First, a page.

From Seton Hall to AANP New Jersey State Liaison
Seton Hall’s College of Nursing celebrates the recent election of its alumna, Varsha Singh, D.N.P., A.P.N., CT-CP, NEA-BC, FAHA, FAANP, SCRN, as the American Association of Nurse Practitioners (AANP) State Liaison for New Jersey. This achievement is not only a testament to Singh’s dedication and expertise, but also a nod to her academic roots at Seton Hall.
Singh embarked on her professional journey at Seton Hall, completing her MSN (Adult Health) in 2009 and later her Doctor of Nursing Practice in 2018. Since then, her path has been characterized by continuous growth and service to the nursing community. As the Neuroscience/Stroke Program Manager at St. Joseph’s University Medical Center in Paterson, New Jersey, Singh has displayed consistent leadership and a commitment to advancing the field.
Her roles, ranging from serving as Region 3 President to member-at-large for the American Nurses Association's Board of Directors, showcase the breadth of her involvement and her passion for nursing leadership.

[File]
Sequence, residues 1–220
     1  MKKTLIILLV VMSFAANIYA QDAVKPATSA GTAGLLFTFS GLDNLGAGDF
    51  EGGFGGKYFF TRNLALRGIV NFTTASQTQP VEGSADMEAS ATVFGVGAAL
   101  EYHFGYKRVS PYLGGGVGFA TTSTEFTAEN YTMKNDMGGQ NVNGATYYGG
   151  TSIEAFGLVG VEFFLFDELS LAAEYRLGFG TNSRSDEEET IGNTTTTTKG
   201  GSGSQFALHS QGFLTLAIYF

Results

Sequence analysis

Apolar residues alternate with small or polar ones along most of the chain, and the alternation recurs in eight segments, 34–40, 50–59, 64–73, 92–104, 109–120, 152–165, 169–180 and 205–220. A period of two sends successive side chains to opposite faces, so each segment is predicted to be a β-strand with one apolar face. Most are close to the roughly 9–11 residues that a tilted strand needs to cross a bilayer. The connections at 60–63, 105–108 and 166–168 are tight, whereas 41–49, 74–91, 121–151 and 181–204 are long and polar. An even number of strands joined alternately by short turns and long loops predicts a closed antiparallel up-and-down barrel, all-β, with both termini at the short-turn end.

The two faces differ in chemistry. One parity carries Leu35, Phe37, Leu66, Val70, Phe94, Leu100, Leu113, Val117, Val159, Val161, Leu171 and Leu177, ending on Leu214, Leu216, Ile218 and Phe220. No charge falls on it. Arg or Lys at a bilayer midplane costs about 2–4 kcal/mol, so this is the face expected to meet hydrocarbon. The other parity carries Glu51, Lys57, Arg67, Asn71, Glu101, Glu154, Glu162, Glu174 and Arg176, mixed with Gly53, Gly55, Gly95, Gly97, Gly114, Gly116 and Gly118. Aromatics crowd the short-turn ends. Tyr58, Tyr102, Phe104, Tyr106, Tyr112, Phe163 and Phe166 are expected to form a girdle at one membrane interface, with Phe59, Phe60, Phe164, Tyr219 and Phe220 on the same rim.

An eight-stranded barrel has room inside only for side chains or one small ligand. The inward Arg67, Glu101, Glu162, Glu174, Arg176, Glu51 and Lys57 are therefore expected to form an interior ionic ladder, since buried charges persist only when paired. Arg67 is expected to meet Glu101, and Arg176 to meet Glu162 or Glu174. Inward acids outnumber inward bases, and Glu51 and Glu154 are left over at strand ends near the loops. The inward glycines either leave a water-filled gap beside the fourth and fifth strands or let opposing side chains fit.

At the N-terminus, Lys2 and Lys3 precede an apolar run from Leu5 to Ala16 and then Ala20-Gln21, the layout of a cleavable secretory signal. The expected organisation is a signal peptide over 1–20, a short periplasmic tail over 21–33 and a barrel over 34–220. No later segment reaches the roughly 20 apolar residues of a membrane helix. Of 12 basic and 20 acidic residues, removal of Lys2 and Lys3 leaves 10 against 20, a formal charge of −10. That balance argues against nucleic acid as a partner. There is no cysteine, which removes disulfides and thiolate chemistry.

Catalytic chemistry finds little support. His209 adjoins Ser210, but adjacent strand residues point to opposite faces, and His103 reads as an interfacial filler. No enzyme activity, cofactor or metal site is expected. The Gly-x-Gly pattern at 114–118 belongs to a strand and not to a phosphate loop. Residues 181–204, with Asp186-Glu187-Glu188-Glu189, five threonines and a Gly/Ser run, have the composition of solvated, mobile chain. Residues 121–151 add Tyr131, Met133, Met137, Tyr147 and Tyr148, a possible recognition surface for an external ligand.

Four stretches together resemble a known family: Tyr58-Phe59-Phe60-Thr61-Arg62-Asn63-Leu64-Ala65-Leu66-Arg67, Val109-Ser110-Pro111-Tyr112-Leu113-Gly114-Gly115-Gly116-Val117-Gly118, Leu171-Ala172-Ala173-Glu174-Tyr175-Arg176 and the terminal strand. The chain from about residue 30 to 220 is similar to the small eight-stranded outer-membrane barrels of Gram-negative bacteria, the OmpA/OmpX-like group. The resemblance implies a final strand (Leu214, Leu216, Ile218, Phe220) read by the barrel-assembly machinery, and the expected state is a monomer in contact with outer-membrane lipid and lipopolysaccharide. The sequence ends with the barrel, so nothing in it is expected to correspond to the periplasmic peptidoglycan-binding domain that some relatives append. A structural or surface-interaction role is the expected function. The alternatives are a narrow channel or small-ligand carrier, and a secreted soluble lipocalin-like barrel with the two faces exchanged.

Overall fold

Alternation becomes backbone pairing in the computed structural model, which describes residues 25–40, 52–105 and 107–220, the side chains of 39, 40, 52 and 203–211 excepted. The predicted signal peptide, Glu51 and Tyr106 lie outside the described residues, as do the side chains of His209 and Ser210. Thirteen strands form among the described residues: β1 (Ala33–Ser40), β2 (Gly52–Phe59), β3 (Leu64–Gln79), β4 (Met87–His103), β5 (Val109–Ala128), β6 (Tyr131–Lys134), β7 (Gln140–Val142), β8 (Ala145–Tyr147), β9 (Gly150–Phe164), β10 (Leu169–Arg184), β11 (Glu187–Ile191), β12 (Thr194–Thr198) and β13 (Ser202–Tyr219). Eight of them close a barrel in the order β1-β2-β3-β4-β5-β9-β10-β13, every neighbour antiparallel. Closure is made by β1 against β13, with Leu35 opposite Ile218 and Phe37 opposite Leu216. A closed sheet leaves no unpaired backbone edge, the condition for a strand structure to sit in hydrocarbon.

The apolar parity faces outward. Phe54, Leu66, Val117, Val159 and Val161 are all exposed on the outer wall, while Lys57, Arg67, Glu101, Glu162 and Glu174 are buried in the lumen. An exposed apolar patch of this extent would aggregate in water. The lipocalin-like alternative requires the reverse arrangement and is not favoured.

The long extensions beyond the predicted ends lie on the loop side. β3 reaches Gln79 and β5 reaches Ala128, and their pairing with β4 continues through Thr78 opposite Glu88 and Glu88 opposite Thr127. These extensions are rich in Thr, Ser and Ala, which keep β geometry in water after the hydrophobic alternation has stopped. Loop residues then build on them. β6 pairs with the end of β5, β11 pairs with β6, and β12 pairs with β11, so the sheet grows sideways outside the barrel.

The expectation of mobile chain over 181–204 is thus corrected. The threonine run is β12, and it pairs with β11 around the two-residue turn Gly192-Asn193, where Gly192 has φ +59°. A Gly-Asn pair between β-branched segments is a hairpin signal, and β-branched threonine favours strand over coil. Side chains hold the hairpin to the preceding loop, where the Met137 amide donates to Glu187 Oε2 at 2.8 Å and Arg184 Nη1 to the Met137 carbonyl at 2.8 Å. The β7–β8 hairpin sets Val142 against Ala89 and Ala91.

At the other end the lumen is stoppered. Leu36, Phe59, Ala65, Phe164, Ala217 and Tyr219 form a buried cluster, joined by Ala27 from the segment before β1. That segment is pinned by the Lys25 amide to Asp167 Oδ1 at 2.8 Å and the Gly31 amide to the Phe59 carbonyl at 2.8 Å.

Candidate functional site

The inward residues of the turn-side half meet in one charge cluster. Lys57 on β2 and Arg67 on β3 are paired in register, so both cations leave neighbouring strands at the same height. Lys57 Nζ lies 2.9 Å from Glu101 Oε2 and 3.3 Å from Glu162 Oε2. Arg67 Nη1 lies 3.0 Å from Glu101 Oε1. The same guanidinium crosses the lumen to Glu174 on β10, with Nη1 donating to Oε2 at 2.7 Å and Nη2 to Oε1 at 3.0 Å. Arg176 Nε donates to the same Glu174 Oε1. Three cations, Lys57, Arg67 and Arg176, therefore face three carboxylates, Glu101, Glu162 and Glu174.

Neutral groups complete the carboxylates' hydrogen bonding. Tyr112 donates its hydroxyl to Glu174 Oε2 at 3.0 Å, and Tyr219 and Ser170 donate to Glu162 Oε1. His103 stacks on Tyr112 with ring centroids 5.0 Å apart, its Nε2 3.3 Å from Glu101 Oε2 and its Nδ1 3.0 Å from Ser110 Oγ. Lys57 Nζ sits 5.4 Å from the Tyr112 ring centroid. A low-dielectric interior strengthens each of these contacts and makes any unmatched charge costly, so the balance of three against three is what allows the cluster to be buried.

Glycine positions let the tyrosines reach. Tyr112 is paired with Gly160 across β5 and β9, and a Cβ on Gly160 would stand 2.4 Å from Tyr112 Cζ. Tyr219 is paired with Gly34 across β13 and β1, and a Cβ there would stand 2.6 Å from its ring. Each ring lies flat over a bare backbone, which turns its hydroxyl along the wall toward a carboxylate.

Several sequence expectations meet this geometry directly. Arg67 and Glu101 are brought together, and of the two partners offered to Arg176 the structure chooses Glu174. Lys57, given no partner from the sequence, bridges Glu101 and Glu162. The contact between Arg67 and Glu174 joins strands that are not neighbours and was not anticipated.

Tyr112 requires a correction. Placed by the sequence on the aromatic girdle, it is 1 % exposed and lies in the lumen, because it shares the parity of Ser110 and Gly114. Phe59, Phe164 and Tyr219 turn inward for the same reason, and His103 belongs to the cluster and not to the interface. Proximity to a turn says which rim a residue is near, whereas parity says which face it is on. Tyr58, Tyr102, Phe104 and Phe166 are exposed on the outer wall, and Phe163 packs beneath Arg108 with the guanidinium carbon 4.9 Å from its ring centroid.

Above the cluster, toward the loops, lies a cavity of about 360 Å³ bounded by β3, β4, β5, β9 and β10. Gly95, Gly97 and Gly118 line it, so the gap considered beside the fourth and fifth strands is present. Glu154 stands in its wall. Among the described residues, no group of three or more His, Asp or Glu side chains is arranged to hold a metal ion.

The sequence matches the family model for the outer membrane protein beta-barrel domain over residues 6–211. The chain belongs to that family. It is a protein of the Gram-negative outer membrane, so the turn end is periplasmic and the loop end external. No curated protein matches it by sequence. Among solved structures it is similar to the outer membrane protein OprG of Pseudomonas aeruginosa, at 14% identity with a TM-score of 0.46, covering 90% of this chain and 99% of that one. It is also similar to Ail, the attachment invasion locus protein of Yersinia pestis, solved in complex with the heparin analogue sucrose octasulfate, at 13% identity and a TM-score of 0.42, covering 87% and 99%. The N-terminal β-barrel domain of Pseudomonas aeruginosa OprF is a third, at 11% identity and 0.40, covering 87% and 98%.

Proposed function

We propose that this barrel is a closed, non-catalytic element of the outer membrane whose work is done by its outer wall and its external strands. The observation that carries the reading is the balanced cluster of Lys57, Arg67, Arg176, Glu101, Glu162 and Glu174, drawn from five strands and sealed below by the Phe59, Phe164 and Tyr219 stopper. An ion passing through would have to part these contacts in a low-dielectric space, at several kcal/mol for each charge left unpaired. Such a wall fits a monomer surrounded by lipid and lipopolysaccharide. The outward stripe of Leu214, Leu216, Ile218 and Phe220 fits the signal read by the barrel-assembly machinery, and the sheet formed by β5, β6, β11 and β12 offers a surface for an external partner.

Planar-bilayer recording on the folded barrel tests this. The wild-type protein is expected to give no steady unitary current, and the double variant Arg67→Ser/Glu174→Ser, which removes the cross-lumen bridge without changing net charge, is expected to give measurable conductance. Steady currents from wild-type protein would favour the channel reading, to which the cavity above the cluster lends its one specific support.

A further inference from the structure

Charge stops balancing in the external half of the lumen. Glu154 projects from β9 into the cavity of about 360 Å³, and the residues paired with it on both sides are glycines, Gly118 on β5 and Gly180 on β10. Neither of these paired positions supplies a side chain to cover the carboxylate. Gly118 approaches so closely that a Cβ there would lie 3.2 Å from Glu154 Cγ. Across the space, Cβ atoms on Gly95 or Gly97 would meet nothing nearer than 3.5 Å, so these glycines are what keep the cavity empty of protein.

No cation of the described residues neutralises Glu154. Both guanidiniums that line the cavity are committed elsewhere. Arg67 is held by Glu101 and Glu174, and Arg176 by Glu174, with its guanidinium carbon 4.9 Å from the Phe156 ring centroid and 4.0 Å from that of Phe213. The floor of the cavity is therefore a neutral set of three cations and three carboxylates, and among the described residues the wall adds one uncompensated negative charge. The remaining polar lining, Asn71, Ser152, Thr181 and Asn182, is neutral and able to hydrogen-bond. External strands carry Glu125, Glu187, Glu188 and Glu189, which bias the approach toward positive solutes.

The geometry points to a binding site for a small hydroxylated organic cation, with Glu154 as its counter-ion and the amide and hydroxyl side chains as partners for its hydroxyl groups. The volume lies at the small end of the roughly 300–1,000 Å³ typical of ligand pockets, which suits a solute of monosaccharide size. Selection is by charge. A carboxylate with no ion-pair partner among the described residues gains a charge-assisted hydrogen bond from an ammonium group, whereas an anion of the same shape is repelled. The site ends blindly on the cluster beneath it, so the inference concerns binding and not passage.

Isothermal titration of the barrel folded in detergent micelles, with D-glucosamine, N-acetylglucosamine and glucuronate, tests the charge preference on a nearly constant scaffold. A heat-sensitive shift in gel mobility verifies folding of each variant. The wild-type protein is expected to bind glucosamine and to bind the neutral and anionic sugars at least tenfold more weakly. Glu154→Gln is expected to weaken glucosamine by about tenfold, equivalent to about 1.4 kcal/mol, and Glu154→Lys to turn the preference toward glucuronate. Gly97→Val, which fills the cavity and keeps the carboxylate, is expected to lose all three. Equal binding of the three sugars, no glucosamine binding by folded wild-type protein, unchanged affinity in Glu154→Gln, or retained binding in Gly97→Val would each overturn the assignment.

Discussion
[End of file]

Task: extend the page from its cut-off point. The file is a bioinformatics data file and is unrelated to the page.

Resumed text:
On her time at Seton Hall, Singh noted, "Since I got accepted in 2006 as a graduate student, my career trajectory has been in an upward direction." The university's blend of flexible classes and dedicated mentorship from figures like Associate Professor and DNP Program Director Mary Ellen Roberts, D.N.P., R.N., A.P.N.C. played a pivotal role in shaping her journey.
She also acknowledged that the recognition she received while a student made her feel supported. "I received the Elizabeth Seton Young Alumni award in 2013 and then Sara Erikson medal at the DNP graduation. In addition, my DNP scholarly project, 'Stroke Clinical Order Pathway Education (SCOPE) for APNs,' was presented nationally and internationally."
As quoted in the September issue of NJ Nurse, Singh "firmly believes that every nurse has an ability to lead in their own way and 'Sky is not the limit' if anyone sets the mind on a goal." She added that in her new role she would like to focus on nurse practitioner students and urge all practicing nurse practitioners to come forward to mentor or precept the students.
"Singh's story exemplifies the blend of dedication, skill, and the right educational foundation," said Roberts. "As she takes on her new role with AANP, the nursing community awaits her contributions with anticipation. I personally know that she brings a wealth of knowledge and experience to the table."